A Short Sale is a situation where a home is expected to sell for less than the sum of the mortgages, and the seller does not have the funds to pay the difference. When the net proceeds of the sale (after closing costs) does not cover the amount of the mortgages, several things happen.
First and foremost, the bank(s) gain control over the transaction, including the right to refuse it.
Second, the seller must cooperate by providing personal financial information showing their inability to satisfy the mortgage debt. Otherwise, the seller is completely out of the picture except for signing documents - the seller is no longer a part of any negotiations. Indeed, the asking price may be (and frequently is) less than the amount the bank will find acceptable. An offer above the asking price may be refused by the lien holders.
Third, the entire process is slowed down. An offer is communicated to the seller's agent, who then gets the signatures of the legal sellers. Then that offer if forwarded to the mortgage holders. The bank(s) holding the mortgage(s) may not have personnel assigned to negotiate prices or approve an offer. Therefore, an offer may not be responded to in a timely manner. It is common to request a quick response (a few days) for an normal offer to the owner of a home, but once it goes into a Short Sale status, a response time of a few weeks is more common, and even longer times often are needed: 60 days is recommended. Once the bank has assigned a coordinator, negative responses may be quick, but positive responses generally require a committee to approve, and they may only meet once per week.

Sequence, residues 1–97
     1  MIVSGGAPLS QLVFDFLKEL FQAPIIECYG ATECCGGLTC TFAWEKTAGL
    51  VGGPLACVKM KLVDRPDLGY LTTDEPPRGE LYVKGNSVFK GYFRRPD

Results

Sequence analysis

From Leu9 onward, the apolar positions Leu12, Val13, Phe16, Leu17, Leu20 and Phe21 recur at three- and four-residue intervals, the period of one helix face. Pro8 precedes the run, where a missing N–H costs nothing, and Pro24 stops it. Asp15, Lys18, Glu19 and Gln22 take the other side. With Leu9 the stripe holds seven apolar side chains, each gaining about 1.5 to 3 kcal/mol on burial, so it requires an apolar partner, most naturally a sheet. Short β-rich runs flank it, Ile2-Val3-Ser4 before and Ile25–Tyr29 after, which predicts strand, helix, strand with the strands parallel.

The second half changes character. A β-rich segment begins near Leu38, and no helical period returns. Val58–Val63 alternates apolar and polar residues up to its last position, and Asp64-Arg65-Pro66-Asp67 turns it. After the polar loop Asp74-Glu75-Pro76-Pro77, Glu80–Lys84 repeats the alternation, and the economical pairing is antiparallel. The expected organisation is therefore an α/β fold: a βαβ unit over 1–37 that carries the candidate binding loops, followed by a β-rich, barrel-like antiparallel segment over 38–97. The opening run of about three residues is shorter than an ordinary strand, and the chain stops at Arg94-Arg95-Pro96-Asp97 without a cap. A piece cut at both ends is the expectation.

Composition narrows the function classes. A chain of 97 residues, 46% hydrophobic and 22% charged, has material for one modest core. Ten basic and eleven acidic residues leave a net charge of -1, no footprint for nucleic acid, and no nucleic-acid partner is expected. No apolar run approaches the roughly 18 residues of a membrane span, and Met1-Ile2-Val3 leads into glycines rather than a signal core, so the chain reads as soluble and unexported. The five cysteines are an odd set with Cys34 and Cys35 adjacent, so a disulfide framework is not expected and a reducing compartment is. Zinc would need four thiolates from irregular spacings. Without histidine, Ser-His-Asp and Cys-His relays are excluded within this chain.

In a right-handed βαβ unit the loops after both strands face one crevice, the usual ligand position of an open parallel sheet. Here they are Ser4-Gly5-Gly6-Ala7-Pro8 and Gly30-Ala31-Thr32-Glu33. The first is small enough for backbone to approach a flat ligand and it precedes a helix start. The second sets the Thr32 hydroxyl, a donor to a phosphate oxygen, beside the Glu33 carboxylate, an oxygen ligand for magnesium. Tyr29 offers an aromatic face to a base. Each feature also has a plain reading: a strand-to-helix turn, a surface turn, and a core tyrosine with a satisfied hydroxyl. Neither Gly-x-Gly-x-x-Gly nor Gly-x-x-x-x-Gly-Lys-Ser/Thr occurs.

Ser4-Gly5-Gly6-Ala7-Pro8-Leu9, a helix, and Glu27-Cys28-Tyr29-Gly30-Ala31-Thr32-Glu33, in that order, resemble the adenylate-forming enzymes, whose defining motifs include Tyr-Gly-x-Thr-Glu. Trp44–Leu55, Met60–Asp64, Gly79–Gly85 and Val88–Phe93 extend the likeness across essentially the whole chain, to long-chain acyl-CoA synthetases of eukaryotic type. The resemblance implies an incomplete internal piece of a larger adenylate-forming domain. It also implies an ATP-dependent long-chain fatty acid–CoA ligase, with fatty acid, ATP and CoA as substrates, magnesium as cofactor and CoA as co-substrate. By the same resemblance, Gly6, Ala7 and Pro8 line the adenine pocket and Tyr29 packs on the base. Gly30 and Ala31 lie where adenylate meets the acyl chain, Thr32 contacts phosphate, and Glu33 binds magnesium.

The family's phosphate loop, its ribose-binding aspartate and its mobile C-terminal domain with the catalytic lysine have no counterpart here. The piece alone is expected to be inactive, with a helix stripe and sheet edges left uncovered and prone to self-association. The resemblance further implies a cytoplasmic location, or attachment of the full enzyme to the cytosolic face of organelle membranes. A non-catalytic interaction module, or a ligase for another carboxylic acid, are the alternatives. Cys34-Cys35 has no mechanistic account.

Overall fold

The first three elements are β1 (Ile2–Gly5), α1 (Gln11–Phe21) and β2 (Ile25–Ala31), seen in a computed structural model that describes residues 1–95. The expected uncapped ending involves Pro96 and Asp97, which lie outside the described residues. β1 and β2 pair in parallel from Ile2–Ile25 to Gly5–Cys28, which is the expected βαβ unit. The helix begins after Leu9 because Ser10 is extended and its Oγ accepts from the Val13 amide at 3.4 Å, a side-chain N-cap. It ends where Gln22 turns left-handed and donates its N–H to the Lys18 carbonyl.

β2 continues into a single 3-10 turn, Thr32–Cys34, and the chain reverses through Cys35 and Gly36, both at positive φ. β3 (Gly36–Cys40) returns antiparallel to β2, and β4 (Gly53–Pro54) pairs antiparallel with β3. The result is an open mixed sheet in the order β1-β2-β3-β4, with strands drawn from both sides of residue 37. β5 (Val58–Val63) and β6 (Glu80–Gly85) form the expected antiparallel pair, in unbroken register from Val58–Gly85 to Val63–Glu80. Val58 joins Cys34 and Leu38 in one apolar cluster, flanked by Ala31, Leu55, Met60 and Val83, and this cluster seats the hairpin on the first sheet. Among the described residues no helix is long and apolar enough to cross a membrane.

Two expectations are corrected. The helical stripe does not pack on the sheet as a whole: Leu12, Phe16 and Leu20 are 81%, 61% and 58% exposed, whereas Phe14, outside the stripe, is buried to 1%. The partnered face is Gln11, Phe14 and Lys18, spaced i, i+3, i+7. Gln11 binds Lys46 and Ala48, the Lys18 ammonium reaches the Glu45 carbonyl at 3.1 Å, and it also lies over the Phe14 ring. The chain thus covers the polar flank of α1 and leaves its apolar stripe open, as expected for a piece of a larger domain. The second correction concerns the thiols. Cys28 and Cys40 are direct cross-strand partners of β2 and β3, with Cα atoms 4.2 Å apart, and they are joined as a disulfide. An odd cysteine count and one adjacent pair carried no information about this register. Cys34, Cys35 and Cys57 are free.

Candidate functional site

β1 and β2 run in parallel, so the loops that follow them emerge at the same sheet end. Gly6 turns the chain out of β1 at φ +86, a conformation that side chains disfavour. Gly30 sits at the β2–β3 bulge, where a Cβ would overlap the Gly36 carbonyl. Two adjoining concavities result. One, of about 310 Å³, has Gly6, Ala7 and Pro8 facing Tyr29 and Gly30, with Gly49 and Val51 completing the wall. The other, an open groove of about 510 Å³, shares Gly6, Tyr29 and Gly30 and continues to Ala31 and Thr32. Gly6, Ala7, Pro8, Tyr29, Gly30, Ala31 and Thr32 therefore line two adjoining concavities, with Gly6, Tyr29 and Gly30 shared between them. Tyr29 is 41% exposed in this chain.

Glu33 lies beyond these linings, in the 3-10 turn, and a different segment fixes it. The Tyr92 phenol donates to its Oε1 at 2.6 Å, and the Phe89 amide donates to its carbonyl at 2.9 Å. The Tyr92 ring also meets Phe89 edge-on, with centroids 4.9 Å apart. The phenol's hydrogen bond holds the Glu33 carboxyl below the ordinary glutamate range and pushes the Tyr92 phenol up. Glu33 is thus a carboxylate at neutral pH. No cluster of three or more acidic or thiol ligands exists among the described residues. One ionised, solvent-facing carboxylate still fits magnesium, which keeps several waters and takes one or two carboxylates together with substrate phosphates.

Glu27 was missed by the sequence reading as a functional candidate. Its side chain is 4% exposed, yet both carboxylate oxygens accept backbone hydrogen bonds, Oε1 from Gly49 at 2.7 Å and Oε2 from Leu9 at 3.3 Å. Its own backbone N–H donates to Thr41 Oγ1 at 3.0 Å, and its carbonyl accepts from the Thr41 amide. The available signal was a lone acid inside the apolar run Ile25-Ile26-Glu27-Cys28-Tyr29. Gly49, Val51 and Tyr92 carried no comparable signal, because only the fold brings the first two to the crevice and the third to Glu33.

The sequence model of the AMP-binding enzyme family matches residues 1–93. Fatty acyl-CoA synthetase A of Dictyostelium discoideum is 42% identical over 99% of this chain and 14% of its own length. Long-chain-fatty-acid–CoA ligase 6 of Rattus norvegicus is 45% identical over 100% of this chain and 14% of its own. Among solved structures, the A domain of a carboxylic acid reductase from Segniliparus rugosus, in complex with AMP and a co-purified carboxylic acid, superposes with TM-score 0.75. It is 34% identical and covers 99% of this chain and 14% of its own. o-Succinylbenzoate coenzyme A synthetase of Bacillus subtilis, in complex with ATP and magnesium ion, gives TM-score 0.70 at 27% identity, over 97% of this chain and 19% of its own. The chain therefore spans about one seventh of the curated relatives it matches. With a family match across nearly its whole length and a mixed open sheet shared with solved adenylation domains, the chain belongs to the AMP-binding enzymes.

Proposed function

Once a Short Sale is approved by the bank(s) or other lien holders, the closing itself often takes 30 to 60 days. Short Sales may take up to a year to close.
If any of the owners file for bankruptcy at any time prior to closing, the approval process will involve the courts which generally adds a year or more to the process. While it is possible to have the house removed from the bankruptcy proceedings (allowing the sale to proceed), that is time consuming and involves additional legal fees with no guarantee of results.
A bank may prefer to go through the foreclosure process instead of accepting a reduced price, especially if they believe the value offered is too low. Only a small fraction of Short Sales close successfully.
Short Sales are nearly always sold "AS IS", because the homeowner has no funds (or incentives) to make improvements, and the bank will generally not accept any contingencies such as repairs, unless such repairs are required by law prior to a sale.
The ONLY contingencies banks routinely accept are for financing and inspections.
The banks frequently refuse to pay portions of closing costs such as surveys.
Buying a Short Sale can be rewarding, but it also has its challenges.
There are other considerations which arise from time to time. To discuss buying a Short Sale, please contact Steve (Your Golf Home Pro) at:
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